So I went for a run this evening and, instead of making it back to the house in a blaze of "that was easy" glory, I had to cut the run a half mile short. To switch things up, I decided not to take my usual town road route which begins down hill and ends on a grueling uphill climb and instead went up the mountain on a trail that'd starts at the end of the driveway. Like all of my runs, the first mile was painfully tedious and the second mile began to loosen me up, but unlike the rest of my runs the third mile went down hill in a bad way. The trees next to me began to feel like they were encroaching the trail, the path in front of me started oscillating and my head seemed to be swimming with spots similar to an optical migraine. No longer confident on my feet but thoroughly aware of my distance from home and my isolated location, I walked the remaining 2640 feet with a sincere hope I'd make it back with no more issues than I already had.
Upon getting to the house and flopping into a chair I checked my blood sugar. I'd dropped to 41 mg/dL -- no wonder I felt off. I thought my blood sugar was high enough before the run to not require more mid-way, but I can only thank God that my stupid assumption didn't result in anything more unsettling than the "what ifs" and "could haves" that are gripping me right now. And while I hate the way my head feels when I have hypoglycemia, the dizziness that resulted from todays run and bound my butt to that chair for a good 40 minutes was punishment enough for me to plan better for next time.
While that spell took a bit to recover from, I found myself back in that same chair again after dinner in what I would consider a greater sense of stupor than earlier in the day. Having corrected my glucose and eaten a full dinner, this second turn can only be associated with the emotional and mental shock that comes with having "old souled" children. Let me explain what happened:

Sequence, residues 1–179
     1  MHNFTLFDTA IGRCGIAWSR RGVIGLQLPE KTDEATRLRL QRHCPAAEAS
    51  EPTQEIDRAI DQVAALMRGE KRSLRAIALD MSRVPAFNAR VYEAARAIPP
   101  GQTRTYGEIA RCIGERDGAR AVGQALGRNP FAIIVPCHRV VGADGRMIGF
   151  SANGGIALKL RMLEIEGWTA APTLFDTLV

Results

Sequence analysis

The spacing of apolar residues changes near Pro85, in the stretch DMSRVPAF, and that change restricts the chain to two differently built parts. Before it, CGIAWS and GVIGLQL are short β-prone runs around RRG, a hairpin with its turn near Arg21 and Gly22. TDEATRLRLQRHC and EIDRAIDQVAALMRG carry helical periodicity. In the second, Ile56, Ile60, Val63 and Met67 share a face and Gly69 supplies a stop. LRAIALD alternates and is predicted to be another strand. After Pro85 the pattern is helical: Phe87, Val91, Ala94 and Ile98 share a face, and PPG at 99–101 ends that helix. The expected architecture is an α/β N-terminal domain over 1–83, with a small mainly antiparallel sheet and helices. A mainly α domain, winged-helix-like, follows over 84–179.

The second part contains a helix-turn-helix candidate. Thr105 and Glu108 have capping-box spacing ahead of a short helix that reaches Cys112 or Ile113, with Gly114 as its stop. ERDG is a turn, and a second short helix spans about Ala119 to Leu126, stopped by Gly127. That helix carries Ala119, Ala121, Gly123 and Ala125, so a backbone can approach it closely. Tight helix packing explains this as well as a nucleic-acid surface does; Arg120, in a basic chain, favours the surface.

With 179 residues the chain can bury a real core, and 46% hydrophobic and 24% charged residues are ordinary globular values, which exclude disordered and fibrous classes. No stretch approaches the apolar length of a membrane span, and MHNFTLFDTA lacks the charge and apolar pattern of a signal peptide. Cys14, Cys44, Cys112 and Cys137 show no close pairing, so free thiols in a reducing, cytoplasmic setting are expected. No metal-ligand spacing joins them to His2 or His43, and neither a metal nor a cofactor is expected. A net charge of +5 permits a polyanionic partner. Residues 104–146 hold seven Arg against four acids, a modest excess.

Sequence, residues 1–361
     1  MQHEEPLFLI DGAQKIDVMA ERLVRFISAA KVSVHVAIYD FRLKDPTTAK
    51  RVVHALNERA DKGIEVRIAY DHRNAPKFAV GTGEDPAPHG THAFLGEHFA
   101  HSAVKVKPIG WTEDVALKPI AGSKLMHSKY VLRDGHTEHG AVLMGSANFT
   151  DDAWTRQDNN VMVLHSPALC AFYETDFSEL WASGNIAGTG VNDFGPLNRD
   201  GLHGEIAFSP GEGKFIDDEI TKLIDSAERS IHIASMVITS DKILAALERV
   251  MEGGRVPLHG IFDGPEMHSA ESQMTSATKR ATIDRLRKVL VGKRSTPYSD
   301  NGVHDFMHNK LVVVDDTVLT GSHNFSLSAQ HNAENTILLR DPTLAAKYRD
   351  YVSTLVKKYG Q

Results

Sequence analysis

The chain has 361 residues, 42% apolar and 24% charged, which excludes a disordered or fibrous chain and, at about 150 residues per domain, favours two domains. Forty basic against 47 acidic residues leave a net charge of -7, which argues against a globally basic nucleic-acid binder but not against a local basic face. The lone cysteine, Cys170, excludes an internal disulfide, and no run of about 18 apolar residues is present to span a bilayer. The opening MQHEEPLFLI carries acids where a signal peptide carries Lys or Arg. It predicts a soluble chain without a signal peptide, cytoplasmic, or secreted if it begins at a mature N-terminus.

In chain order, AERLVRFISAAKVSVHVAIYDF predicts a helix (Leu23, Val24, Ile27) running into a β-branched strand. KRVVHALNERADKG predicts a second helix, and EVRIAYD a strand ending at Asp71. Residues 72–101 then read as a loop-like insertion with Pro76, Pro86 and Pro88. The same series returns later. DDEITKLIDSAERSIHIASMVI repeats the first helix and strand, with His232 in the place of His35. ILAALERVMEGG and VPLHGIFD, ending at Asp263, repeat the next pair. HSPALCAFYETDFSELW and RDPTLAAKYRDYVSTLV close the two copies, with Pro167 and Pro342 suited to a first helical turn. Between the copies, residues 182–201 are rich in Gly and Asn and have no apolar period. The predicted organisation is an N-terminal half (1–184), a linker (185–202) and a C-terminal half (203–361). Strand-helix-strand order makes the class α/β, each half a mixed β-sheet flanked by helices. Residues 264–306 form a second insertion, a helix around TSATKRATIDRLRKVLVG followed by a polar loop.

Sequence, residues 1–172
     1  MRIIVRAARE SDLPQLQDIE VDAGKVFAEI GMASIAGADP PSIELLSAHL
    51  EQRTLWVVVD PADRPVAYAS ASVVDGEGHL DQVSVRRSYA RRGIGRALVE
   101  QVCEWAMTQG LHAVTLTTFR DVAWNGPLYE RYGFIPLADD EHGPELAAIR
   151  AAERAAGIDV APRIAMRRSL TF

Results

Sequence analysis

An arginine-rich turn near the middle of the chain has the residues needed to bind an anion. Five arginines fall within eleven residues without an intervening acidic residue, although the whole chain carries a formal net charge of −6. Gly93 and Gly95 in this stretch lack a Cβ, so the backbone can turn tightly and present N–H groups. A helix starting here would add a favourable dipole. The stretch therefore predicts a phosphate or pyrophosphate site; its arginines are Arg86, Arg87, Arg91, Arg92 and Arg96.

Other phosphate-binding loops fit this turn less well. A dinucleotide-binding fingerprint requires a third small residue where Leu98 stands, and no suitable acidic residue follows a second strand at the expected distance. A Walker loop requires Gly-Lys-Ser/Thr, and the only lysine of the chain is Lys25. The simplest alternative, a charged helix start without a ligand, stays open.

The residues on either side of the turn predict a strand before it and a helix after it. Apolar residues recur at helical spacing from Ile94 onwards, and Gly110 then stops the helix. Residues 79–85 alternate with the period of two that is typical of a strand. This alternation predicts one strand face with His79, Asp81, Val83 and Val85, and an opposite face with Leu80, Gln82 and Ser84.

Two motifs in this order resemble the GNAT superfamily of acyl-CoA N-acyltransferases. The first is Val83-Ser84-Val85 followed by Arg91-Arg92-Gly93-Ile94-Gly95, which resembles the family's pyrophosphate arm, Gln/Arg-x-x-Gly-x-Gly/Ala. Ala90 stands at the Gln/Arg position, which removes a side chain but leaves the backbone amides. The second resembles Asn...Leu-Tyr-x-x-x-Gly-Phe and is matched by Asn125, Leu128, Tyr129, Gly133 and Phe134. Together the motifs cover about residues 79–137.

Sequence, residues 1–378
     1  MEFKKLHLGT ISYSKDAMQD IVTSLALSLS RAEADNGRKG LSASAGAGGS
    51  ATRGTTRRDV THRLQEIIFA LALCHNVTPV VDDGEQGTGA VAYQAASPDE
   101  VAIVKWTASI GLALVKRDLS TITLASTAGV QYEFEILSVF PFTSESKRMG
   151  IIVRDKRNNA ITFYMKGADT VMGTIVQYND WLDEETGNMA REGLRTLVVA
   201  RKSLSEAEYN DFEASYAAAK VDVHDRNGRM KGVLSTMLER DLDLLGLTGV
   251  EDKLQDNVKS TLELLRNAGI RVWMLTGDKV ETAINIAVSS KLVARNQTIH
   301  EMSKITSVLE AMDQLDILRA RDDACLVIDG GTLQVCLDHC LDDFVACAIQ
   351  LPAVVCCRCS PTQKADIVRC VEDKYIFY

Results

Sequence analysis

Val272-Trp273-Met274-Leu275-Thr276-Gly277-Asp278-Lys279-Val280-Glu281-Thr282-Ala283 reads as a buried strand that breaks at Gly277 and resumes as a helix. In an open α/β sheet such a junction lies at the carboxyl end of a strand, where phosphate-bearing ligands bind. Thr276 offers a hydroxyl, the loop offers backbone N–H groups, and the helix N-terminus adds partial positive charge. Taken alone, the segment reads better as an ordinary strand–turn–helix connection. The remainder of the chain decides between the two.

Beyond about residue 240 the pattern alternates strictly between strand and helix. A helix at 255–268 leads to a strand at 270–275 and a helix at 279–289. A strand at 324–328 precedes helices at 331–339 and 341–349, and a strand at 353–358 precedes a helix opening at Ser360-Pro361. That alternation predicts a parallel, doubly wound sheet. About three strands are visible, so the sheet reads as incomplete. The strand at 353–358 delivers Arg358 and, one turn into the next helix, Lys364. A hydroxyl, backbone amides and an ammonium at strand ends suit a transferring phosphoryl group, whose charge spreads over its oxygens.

As is usual post-supper, being the quintessential lover of dirt and all things nature that she is, my Mom took her nightly stroll through the property to appreciate the greens, browns and otherwise of the evening. While quite picturesque on any given day, the John Constable clouds and amber glow of my favorite kind of mid-summer sunset of this particular occasion motivated her to take GV along just in case - given the Hollywood perfection of it all - Matthew Macfadyen were to come through the brush as Mr. Darcy professing his undying love to Miss Bennett. The trees were glowing, sky was radiant and every particle of the world felt magically charged as if freshly formed by the hand of God.
Walking first from the kitchen porch down the narrow walkway past the nightshade bush, they turned down the hill and followed the lane past a very tall, likely very old sugar maple tree. With several low hanging branches and a rope swing to rest upon, my Mom stopped to admire the essence of happiness the twinkling fireflies and rustling leaves caused just above their heads. Comfortably enjoying the secure embrace of her Grandmother's arms, GV had until this point been quietly watching the dogs roam the grass in front of the barn, the swooping birds singing their evening recounts of the day, the small garter snake returning to its home amidst the raspberry patch and the silver wisp of temptation blowing across Grandmama's forehead. But, even with life's distractions continuing around her per normal, something amid the stillness below that maple tree took hold of her attention... it was in that moment that with exacting deliberation that she reached for the wavering colors of the sunset as if to embrace them as a familiar comfort. The way my Mother reported it was that "without a doubt, if I hadn't been holding onto that child she would have leapt into the awe and floated away."
Now perhaps I give my seven month old more credit than due, but I cannot help but wonder what she knew about the evening that we did not? What angel did she see or greater-than-self connection did she make that we as adults have closed our minds to? I know my Mom and I fully appreciated the glorious evening and the plum dumb luck that it is our good fortune to enjoy it (sans-hypoglycemia), but it was something beyond appreciation that GV expressed - something I am not sure there's an appropriate word for in our language, let alone my vocabulary...
And so I am sitting here stupefied. I find myself swimming in thoughts and perhaps just as jumbled as I was earlier in the day. I rarely take the time and capacity to register the world around me beyond the peripheral and my kids seem to display the ability in spades. I mean just yesterday GV discovered the second hand on the wall clock and seemingly understood the passing of the quantifiable with every tick... outside of a foot race, I cannot even remember the last time that an individual second as opposed to an entire minute was directly relevant to my conscientious thought. It must be for reasons like this that so many of great writers took to these mountains in search of their muse and why some, Frost and Thoreau for example, found it.
With that, I think I'll continue to bemuse myself and have that glass of wine after all.